Jesus is more than the Good Shepherd; He is, in fact, the Shepherd King.
The Shepherd King
The Hebrew letter Aleph was used to symbolize one of the names of God, and in this case, it was El. Before the letter was called Aleph, it was actually called El or Al, so it was literally the name God. El was commonly used in the Middle East for a god’s name, but El is different because it’s formed by the 2 letters Aleph and Lamed. When the Israelites decided to make a golden calf and worship it, they turned away from the One true God and worshiped the symbol instead of His name. That’s because Aleph in pictograph form is a Bull. How many times can the church get distracted by the symbols and trappings of power and authority instead of focussing on Him? Gifts, ministry, miracles, signs, and wonders can be sought so much that God is left behind. This is why people can start carrying too great of a burden when they pursue self-worth in ministry. They live out an erroneous belief that the more they do, the more they feel they’ll be looked up to by others, therefore they feel better about themselves, but the truth is, others around them are so busy building their own little kingdoms that they do not even notice. The end result is like a pack of rats in a maze chasing whatever dream will make them feel good, instead of putting Jesus at the center and walking under His yoke which is light.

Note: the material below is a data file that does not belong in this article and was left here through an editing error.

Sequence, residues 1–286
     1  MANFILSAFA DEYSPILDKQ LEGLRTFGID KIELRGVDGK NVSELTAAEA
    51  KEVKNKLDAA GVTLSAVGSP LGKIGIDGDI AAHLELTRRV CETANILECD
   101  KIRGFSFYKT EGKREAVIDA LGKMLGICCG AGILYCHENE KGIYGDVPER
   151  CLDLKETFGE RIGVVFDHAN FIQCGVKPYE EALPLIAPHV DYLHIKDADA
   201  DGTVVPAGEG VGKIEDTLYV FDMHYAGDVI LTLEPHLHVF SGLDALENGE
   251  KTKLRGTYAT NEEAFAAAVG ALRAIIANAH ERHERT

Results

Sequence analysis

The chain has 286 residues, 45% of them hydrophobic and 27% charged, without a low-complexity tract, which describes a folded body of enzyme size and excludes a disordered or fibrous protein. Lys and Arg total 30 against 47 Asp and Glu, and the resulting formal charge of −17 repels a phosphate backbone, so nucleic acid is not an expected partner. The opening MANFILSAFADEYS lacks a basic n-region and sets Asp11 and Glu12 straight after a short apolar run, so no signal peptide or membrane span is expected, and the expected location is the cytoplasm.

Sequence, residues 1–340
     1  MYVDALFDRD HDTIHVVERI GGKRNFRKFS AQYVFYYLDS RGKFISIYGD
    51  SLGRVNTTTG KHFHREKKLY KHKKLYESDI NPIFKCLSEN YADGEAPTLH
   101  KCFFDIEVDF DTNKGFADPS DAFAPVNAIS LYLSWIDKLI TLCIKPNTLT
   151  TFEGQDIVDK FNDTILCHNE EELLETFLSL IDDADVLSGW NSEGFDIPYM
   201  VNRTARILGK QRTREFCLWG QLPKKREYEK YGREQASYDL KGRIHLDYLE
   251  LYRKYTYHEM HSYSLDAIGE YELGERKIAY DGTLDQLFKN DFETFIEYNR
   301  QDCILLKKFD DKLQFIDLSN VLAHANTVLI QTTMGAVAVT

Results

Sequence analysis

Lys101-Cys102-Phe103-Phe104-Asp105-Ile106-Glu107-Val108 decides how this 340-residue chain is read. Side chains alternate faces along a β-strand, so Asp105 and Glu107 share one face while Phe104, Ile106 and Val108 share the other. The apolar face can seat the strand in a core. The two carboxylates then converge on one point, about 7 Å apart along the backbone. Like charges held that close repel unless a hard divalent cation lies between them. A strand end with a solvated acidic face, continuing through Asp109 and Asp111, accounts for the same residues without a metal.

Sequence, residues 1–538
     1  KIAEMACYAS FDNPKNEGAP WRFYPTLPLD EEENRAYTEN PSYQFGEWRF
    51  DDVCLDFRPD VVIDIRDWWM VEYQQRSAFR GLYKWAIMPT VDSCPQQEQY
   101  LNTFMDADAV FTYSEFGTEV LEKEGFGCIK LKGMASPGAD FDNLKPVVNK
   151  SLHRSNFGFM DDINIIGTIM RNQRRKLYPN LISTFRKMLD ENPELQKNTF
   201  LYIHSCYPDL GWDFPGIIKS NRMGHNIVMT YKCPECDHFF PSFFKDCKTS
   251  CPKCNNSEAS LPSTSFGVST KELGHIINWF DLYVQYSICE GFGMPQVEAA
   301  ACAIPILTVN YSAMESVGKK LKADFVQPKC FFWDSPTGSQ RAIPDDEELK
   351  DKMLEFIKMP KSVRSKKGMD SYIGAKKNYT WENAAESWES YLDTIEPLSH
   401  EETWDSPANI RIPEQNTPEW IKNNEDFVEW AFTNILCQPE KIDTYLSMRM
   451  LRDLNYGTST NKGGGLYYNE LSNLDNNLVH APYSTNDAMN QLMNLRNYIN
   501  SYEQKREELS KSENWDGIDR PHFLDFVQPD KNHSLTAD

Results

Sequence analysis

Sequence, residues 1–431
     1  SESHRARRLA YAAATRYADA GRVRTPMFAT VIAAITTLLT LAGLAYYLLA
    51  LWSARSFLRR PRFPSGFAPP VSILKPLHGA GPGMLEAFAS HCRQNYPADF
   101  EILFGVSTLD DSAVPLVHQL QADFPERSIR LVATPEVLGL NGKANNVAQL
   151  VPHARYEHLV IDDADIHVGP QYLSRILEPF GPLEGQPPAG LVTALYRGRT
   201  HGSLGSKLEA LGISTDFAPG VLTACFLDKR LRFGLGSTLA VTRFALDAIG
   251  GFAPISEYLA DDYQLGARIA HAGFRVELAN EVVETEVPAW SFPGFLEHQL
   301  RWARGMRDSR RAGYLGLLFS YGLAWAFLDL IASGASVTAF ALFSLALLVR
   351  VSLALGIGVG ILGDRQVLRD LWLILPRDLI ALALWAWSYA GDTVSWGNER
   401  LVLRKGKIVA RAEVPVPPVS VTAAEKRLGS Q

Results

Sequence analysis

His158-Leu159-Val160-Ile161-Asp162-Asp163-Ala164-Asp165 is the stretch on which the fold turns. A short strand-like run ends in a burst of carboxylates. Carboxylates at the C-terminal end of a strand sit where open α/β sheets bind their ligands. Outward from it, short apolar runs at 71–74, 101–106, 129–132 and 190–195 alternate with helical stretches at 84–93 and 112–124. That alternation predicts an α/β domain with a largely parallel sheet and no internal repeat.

Resting in the Shepherd
When we remember that our burdens can be carried by Jesus and we give Him the place of authority in our lives, we can break away from the rat race. Then, we’ll have rest and peace as we follow our loving Shepherd. No longer do we seek fulfilment in the approval of others. Instead, we know we are loved and accepted by God in Christ, and we seek to build His kingdom, not ours. We seek to bring the lost sheep into His fold just as Jesus did. We enjoy His love in our lives and seek to share it with those in need so they can be set free from their burdens. Aleph the Bull symbolises the crown of a king because of the horns and Lamed is a shepherd’s crook, so together, they symbolize Jesus’ authority. The chief, father figure, or patriarch in a family was seen as the person with the strongest authority, and modern symbolism has carried these over into the crown, representing the oxen horns and the sceptre, and representing the shepherd staff of kings and queens.